Most advertising platforms utilise an ‘opportunity to see’ impression model. This means that, if the ad is presented to a human, and that human has an opportunity to see it, they are counted as an impression. This doesn’t take into account whether that person actually made eye contact with the ad or consumed the ad.

In OOH, just driving or walking by an advertisement does not constitute an impression. Geopath audited inventory are held to stricter guidelines and utilise a ‘likelihood to see impression’. Utilising eye-tracking studies, the organisation developed a list of factors that determine the probability that someone will actually look at an advertisement. These include factors such as the size of a piece of inventory and its angle to traffic. We also account for factors such as speed of movement and dwell time when measuring impressions.

Geopath

Kym Frank, President, Geopath

Sensor technology is used by many OOH media companies to gauge audience engagement with advertising. These devices utilise anonymous facial detection to determine the likely age and gender of people in front of the advertising, how long they made eye contact with the copy, and in some cases, their mood. Additionally, through computer learning, this technology can be taught to recognise other visual cues, such as brands. It has often been used to recognise car models that drive by digital roadside inventory so that the copy can be dynamically changed for those drivers.

Mobile location data has certainly empowered OOH to gauge campaign effectiveness in ways that would provide a challenge for many other advertising platforms. By geofencing inventory, advertisers can identify the devices that were exposed (or not exposed) to the advertising, and then determine whether those devices entered retail locations. Through device history, advertisers are even able to see if those devices have visited the retail locations in the past, if they are frequenters of competitors’ locations, or if this was a first-time visit.

What have been the biggest changes in digital OOH to date, and what are some of the challenges that still need to be addressed for true success?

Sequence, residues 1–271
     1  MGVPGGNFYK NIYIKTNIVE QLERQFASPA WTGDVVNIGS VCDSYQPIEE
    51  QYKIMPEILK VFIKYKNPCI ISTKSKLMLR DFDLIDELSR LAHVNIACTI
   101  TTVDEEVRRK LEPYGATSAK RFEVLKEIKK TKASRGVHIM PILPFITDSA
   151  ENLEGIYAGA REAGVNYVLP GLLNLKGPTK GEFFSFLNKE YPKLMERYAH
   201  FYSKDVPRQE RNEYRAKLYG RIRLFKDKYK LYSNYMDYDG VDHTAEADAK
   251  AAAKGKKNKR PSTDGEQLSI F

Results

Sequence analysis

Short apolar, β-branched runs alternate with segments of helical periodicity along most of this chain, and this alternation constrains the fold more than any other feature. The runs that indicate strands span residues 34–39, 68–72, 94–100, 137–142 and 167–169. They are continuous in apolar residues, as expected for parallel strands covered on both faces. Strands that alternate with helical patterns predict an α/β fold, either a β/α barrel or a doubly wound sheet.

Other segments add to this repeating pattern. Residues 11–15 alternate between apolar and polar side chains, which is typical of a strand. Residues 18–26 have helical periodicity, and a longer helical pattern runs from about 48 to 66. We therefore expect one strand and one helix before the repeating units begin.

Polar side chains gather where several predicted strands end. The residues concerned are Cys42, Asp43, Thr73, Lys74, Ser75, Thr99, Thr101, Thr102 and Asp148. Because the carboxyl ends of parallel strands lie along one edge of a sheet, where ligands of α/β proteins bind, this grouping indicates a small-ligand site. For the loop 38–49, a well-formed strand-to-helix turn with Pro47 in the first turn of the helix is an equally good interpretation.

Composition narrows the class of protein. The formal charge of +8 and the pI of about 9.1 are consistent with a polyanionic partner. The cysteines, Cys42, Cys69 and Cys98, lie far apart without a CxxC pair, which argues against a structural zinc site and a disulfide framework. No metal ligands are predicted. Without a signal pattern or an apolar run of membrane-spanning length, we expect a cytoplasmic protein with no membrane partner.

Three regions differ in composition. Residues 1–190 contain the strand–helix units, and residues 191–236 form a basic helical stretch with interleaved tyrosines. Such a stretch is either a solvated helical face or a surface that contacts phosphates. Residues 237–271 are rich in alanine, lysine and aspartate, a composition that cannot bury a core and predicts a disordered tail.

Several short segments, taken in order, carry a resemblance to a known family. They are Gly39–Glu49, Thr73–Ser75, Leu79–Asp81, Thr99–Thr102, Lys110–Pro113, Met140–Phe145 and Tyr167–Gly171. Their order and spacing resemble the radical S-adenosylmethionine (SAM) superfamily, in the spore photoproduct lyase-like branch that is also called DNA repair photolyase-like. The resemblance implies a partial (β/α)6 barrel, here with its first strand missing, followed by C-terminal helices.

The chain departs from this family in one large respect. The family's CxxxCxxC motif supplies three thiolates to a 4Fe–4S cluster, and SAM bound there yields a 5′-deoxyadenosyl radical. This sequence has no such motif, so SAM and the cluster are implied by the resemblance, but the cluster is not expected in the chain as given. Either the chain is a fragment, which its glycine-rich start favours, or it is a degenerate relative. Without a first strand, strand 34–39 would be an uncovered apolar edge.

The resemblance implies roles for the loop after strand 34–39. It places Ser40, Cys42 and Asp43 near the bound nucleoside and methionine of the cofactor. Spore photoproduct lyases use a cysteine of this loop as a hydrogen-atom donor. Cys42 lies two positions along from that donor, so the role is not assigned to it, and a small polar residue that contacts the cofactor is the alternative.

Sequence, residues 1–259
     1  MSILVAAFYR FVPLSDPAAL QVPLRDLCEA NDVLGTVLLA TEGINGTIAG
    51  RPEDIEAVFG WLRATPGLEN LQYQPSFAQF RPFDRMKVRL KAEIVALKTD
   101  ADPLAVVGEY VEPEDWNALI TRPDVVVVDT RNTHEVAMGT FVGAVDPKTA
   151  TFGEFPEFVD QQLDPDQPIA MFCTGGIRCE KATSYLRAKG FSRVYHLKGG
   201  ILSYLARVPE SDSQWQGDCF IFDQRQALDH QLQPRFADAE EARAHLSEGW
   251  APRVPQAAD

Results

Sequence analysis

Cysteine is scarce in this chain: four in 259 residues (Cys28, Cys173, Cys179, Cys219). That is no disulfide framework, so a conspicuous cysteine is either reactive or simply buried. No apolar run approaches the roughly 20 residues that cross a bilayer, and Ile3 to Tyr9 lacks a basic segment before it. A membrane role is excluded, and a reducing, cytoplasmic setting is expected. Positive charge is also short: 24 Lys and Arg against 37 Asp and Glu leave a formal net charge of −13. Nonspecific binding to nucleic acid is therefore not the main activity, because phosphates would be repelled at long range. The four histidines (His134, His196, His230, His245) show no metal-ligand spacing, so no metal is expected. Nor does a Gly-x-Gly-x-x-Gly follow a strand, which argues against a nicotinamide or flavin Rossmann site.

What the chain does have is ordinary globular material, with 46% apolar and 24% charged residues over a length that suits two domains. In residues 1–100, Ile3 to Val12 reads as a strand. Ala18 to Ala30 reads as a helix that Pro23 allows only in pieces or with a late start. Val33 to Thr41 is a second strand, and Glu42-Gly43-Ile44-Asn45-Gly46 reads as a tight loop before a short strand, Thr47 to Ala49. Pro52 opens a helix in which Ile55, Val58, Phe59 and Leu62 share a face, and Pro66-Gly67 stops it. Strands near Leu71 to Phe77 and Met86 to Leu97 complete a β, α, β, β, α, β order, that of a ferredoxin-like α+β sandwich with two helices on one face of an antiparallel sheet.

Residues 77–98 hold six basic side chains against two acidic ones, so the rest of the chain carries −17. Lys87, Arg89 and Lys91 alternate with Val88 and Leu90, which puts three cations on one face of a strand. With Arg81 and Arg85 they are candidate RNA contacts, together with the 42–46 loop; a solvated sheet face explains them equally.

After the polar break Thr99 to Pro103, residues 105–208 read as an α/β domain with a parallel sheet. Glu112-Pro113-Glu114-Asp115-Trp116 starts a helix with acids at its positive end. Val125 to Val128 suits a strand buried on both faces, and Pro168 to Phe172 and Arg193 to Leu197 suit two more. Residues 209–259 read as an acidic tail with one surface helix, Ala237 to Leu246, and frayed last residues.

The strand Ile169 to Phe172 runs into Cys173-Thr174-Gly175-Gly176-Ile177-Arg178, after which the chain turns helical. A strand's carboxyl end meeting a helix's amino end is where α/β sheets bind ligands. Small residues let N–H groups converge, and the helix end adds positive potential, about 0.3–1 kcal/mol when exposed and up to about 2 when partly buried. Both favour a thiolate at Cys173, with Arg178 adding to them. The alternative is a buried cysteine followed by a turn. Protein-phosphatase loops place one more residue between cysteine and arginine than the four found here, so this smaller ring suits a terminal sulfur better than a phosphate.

In the past, the industry was considered hard to ‘plan, buy, and measure’. We’ve recognised these pain points and are working with our members to overcome these challenges. Certainly, the investment that the industry has made in our new measurement system is going to pave the way for making planning easier, smarter, and more targeted. There’s no doubt that the measurement will be more sensitive, transparent, competitive, and straightforward. The tools we are providing to the industry are also easier to use than the legacy platforms.

From a buying perspective, many of our members are releasing platforms designed to simplify the buying process. Some of these platforms are being designed for a single operator’s inventory. Others provide a national footprint. And this isn’t just for digital inventory. The entire process of buying a printed advertisement, from placing the buy, to getting the creative delivered and up on the frame, and even delivery of the proof of performance photos is all automated now.

Where do you see the future of OOH going in 1-2 years versus 5-10 years?

In the next few years, I expect more cities to invest in ad-supported smart city programmes that provide information and value to their residents and visitors, while providing important services to the cities themselves.

On digital inventory, we will see more and more dynamic triggers being utilised to change creative, either based on external information (such as search queries, weather, or traffic patterns) or based on the profile of devices in proximity to the advertising.

Advertisers will continue to experiment with innovations, such as augmented and virtual reality, and provide more opportunities for audiences to interact directly with advertising, utilising technology such as NFC.

There is a significant presence of digital signage in venues across the country. I expect there to be a spike in the monetisation of advertising on these screens in the near future. And given its unique real estate footprint across the US, I believe that OOH advertising is in a unique place to integrate with emerging Internet of Things (IoT) devices and to communicate with the dashboards of cars.

Long term, I believe we will see the line between mobile and OOH advertising dissolve, with both channels working hand-in-hand to reach consumers who are on the go – ‘where advertising’. This is already starting to happen, but I expect the integration of the two will become the norm. I also expect to see a relationship between wearables and OOH emerge.

OOH will continue to be big, beautiful, and unblockable – and, as a result, I believe investment in the medium can only go up.